Low cost, lack of need for special equipment, fewer organization and logistical problems, less insecticide needed, compatibility with local customs, suppressed on the population nuisance insects, protection against cold, dust and snake.
Disadvantages Mosquito Nets
Several factors are involved including: culture, community acceptance due to the lack of awareness, sustainability, allergic effect, Feasibility, accessibility, misuse, not compatible with vector behavior, less coverage, program of distribution, ventilation problem, house design, restrictions of the community movement, -side effect on the pregnant women and child, -shape and design of net, re-impregnation, difficult to evaluate the impact of net.
Efficacy of Impregnated Bed Nets Depend on
Bed net types (Type of bednets can be determined through KAP study), Fabrics (cotton, nylon, polyester, polypropylene, polyethylene (Figure 2). World Health Organization recommended several insecticides for impregnation of bednets (Table 2).
Different Formulations for Impregnation of Bed Nets are: (SC = aqueous suspension concentrate, EW= emulsion, oil in water, WT= water dispersible tablet, CS = capsule suspension (microencapsulated), EC = emulsifiable concentrate.
Ways of Impregnation
Soaking, spraying, colour (green, grey, brown, black, white), coding, skirting, insecticides (killing effect, deterrent effect, packaging, safety, registration, cost, social acceptances. Shape could be rectangular, conical, pyramid (Figure 3).
Current Insecticide Impregnate Bednets Against Insect Resistant to Insecticides are
Olyset® Plus (Permethrin + PBO incorporated into polyethylene, all panels) , PermaNet® 3.0 (Combination of deltamethrin coated on polyester with strengthened border (side panels), and deltamethrin + PBO incorporated into polyethylene roof)), Tsara® Boost (Deltamethrin + PBO incorporated polyethylene, all panels) , Tsara® Plus (Combination of deltamethrin coated on polyester (side panels), and deltamethrin + PBO incorporated into polyethylene (roof)) , Veeralin® (Alpha-cypermethrin + PBO incorporated into polyethylene, all panels) , Interceptor® G2 (Alpha-cypermethrin and chlorfenapyr coated on polyester) , Royal Guard® (Alphacypermethrin and pyriproxyfen incorporated into polyethylene, all panels).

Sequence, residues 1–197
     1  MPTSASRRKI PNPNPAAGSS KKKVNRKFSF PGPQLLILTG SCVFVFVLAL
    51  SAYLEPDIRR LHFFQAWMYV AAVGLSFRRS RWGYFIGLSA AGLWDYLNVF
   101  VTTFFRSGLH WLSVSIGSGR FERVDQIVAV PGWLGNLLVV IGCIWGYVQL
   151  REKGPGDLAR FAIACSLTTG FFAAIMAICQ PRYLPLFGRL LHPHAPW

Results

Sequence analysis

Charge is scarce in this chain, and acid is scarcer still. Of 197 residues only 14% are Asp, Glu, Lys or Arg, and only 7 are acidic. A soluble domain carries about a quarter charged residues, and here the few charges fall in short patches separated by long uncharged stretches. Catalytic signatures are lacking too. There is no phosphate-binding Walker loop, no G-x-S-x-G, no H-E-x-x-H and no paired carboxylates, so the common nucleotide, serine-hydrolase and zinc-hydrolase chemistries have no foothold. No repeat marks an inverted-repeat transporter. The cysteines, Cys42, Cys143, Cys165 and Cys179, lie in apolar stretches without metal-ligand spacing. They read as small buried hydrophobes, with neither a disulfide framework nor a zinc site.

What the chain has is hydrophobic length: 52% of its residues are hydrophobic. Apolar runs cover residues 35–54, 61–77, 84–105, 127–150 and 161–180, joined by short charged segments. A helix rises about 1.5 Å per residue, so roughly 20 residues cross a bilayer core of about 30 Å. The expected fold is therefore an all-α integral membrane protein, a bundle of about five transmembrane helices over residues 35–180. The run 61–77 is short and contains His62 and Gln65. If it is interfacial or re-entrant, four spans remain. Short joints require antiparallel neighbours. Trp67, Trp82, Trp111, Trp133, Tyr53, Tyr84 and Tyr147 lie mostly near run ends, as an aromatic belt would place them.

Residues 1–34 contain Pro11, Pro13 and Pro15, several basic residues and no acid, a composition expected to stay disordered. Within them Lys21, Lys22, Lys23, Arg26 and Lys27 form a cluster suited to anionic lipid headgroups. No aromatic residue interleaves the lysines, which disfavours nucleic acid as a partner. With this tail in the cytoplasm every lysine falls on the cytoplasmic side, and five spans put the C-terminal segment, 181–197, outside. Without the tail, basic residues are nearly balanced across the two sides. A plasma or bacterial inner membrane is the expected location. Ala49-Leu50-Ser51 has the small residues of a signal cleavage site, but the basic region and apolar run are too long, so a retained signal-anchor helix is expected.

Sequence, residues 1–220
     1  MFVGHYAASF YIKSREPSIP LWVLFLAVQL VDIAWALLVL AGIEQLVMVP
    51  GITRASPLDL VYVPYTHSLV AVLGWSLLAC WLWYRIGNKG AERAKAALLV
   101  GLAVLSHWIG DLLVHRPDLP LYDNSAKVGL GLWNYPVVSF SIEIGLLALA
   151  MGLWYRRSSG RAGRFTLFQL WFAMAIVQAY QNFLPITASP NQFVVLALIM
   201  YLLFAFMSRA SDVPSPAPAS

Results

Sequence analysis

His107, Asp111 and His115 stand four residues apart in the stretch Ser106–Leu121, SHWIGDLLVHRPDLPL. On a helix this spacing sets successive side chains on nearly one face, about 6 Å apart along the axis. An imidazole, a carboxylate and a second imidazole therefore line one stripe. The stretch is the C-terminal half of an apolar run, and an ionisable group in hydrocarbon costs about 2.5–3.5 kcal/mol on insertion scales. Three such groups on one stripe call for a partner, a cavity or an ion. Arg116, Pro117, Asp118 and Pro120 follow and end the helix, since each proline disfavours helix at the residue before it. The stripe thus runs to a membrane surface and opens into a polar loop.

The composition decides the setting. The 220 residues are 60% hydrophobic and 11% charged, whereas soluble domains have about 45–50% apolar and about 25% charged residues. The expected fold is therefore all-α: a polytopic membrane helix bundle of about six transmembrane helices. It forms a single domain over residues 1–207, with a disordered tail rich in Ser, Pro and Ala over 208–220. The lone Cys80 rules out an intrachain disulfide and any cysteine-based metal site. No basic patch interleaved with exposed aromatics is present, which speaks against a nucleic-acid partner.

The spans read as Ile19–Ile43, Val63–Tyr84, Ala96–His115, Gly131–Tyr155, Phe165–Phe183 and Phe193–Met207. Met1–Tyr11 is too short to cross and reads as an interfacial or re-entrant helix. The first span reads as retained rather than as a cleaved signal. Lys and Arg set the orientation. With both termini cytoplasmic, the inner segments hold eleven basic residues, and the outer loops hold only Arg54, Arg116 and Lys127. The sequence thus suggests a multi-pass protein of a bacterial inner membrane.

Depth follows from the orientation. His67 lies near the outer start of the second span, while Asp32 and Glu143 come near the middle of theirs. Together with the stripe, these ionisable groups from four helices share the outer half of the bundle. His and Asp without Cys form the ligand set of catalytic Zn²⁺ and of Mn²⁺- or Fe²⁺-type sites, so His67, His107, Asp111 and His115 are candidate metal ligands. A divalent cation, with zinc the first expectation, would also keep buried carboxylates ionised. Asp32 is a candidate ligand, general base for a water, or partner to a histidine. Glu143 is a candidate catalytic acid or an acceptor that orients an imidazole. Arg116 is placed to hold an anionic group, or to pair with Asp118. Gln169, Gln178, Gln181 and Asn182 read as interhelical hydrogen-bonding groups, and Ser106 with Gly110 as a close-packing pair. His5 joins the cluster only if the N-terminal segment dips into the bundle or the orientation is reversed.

Basic Information for Evaluation of Efficacy of Impregnated Bed Nets are
Ventilation, insecticide, vector susceptibility to insecticides, efficacy of insecticides, availability of insecticides, cost of insecticide, demographic data, population estimates, target groups (children, pregnant women), socioeconomic data, sleeping pattern (outside, inside), current use of nets, cultural attitudes, colors, sizes, vector bionomics, exophilicity and endophilicity, vectorial capacity, vector density, feeding pattern, species, zoophiloicity and anthropophilicity.
Ethics Approval and Consent to Participate
There is not applicable.
Consent for publication
Availability of Data and Material
The author declares that there is no conflict of interest.
This study was supported by the Ministry of Health and Medical Education of Iran with NIMAD Project Number 971065.
This study was funded and supported by Tehran University of Medical Sciences (TUMS) and partially by the Ministry of Health and Medical Education of Iran with NIMAD Project Number 971065.